Historical counterfactual provides us with information of the form “Alternative Y rather than actual X would have happened, had W rather than (actual) Z happened”. For example, we can say that “Scientists would not have believed in atoms, had Einstein not explained the Brownian motion”. In order to establish such claim, we need to
1. Consider evidence of the actual world. We need to find “causal clues” of the possible process from Z to X. For example, we could find a diary or letter where a scientist describes how Einstein’s work impacted her believes. Such evidence is not always found and is never conclusive. For example, I could write in a diary that I voted in an election because one of the candidates was so impressive. However, I might have voted in any case, even in the absence of the impressive candidate, because I like the voting booth. We need to establish the dependence of X on Z. However, actual evidence can provide us with candidates for Z.
2. Consider principles and regularities that describe the phenomena under interest. These might come from social or natural sciences or from other considerations (here we might rely on expert judgement is nothing else is left). For example, we might reason that Einstein’s work does explain the change in beliefs because we know that, in general, scientists are good in reflecting their own system of beliefs (assume this for the sake of the illustration) and a diary describing the cause of the change of belief is therefore sufficient to establish the impact. In some cases, we might question the dependency. For example, we might know that I watched many political debates and that people who follow these debates are very likely to vote. Therefore, the reasoning continues, the impressive candidate did not (probably) affect my voting; had the candidate been absent, I would still have voted. In these cases, the plausibility of the counterfactual depends on the plausibility of the underlying principles.
3. Consider theoretical structures that are purported to explain the phenomena. For example, we could rely on philosophical investigations on the importance of explanatory relevance in science to reason that it was Einstein’s explanation of the Brownian motion that was relevant in the change of beliefs. Someone else (sociologically oriented) could argue that it was the fact that Einstein explained (and not the explanation itself) that made a difference to the beliefs.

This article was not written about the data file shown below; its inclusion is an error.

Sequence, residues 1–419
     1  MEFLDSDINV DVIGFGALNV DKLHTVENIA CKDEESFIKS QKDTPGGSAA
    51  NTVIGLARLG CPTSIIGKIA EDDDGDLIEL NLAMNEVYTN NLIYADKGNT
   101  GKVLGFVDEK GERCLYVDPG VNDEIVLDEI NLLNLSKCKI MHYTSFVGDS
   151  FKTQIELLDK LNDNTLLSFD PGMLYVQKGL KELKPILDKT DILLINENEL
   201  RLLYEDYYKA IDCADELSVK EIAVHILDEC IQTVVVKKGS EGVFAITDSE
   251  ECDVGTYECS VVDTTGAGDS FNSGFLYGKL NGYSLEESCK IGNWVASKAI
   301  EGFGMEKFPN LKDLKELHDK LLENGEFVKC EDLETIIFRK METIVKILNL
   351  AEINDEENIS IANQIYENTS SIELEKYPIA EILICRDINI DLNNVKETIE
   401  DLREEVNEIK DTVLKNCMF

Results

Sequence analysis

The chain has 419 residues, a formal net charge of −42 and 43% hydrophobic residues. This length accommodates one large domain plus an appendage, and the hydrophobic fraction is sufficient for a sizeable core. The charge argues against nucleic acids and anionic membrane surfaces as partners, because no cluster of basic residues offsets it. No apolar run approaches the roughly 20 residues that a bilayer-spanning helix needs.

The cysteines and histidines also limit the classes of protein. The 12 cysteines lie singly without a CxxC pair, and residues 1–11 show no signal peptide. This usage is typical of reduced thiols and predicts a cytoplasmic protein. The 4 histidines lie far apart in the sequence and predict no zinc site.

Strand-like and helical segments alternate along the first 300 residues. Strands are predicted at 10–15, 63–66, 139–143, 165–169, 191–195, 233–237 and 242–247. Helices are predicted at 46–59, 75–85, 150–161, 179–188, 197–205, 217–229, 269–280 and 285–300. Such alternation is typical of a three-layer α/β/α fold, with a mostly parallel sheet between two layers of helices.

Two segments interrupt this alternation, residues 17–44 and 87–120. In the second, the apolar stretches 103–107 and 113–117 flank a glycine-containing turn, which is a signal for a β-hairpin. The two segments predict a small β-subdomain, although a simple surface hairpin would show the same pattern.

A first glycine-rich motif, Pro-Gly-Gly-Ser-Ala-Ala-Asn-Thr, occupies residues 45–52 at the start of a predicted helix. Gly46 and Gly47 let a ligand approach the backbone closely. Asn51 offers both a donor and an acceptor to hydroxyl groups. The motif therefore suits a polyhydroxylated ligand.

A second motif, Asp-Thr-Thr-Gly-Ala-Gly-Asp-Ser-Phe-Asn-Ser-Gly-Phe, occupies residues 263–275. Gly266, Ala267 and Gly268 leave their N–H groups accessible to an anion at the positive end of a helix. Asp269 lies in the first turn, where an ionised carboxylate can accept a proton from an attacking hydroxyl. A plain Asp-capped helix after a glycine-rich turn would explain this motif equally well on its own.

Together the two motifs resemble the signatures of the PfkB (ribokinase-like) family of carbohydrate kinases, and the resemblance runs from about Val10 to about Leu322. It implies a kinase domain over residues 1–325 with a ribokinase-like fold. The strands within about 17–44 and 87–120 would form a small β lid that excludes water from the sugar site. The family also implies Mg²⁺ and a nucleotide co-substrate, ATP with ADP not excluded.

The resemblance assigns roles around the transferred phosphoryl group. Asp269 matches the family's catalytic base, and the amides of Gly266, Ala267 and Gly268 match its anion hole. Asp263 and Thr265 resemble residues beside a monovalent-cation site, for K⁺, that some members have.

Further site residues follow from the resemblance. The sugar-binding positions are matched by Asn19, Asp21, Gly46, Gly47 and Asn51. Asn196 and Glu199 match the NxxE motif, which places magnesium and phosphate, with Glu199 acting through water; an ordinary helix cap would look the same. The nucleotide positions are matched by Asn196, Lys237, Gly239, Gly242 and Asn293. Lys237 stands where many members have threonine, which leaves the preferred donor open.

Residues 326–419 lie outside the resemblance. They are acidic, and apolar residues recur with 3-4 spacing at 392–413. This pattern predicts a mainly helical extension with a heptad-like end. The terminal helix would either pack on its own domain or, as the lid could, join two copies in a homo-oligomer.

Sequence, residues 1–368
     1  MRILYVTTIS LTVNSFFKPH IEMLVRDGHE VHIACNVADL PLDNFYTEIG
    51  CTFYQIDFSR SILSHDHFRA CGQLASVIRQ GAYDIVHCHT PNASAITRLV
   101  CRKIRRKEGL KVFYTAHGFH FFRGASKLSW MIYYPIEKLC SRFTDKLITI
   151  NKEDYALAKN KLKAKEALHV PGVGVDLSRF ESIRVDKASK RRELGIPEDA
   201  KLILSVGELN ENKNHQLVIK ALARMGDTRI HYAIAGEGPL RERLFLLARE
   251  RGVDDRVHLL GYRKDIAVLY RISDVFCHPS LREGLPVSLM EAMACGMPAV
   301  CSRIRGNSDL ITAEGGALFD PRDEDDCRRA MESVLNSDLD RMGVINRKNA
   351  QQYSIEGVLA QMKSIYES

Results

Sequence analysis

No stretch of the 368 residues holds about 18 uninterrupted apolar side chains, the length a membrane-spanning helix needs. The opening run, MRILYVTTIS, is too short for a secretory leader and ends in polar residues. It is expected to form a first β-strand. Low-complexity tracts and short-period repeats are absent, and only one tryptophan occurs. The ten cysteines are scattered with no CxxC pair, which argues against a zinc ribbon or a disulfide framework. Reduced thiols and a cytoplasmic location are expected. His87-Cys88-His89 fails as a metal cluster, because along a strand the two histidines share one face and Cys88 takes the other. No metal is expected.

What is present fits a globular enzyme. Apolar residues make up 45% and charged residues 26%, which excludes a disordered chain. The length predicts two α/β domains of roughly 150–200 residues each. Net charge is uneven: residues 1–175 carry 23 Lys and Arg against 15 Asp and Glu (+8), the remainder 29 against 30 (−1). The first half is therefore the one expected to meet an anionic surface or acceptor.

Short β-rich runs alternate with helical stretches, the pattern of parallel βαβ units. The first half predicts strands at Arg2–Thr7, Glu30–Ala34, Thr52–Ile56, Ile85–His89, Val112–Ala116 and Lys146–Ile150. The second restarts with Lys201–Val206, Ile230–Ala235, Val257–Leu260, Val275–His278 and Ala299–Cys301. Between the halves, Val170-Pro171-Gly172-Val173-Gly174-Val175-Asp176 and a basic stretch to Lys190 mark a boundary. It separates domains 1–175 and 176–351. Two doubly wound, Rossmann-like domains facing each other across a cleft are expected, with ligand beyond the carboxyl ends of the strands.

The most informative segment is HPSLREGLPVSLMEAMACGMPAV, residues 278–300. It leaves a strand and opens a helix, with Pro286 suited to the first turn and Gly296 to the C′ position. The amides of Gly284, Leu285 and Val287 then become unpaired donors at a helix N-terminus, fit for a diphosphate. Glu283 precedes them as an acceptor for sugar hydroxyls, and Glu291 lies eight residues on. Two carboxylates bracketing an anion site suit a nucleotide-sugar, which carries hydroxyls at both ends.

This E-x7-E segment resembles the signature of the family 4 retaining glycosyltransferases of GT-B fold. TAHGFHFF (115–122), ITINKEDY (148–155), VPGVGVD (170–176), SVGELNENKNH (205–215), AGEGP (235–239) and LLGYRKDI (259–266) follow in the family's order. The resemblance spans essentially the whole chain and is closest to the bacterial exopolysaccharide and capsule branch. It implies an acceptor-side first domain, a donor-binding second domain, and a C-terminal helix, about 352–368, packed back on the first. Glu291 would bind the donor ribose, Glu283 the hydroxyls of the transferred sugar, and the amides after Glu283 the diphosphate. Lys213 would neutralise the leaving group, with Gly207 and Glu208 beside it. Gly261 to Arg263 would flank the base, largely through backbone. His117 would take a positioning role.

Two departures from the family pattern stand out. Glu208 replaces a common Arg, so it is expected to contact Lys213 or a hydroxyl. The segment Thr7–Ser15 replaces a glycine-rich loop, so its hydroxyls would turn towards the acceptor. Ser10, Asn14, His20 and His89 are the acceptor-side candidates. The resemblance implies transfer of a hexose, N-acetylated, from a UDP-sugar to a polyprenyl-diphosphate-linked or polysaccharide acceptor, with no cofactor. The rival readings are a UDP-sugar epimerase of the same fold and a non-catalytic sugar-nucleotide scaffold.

Such “philosophical” theories are difficult to compare with respect to their adequacy. Of course, there are considerations that are relevant in establishing the merits of different theories (theoretical progress is possible) but conclusive results are difficult to achieve. Therefore, historical counterfactual cannot be established with certainty. However, it does not follow that they are futile. Our knowledge is always fallible, but it does not follow that it is therefore futile. Moreover, the steps 1 and 2 above are able to limit the number of philosophical considerations that are relevant in counterfactual reasoning. Actual evidence matters. We do not drown in an endless see of philosophical pondering. Rather, we can debate the philosophical questions that remain once we have narrowed down the relevant consideration in each case. (See my 2018 paper.)
We see that historical counterfactuals can be assessed only in the light of theoretical structures. If we approach possible futures with the help of structural taxonomies, the possible futures can be analyzed in the same way as historical counterfactuals. While evidence of possible futures is more difficult to come by than evidence of the past and therefore the narrowing down of relevant considerations in deciding the most plausible futures is more difficult that in the case of history, the taxonomies enable us to see what kind of evidence could be helpful and what the space of possibilities looks like.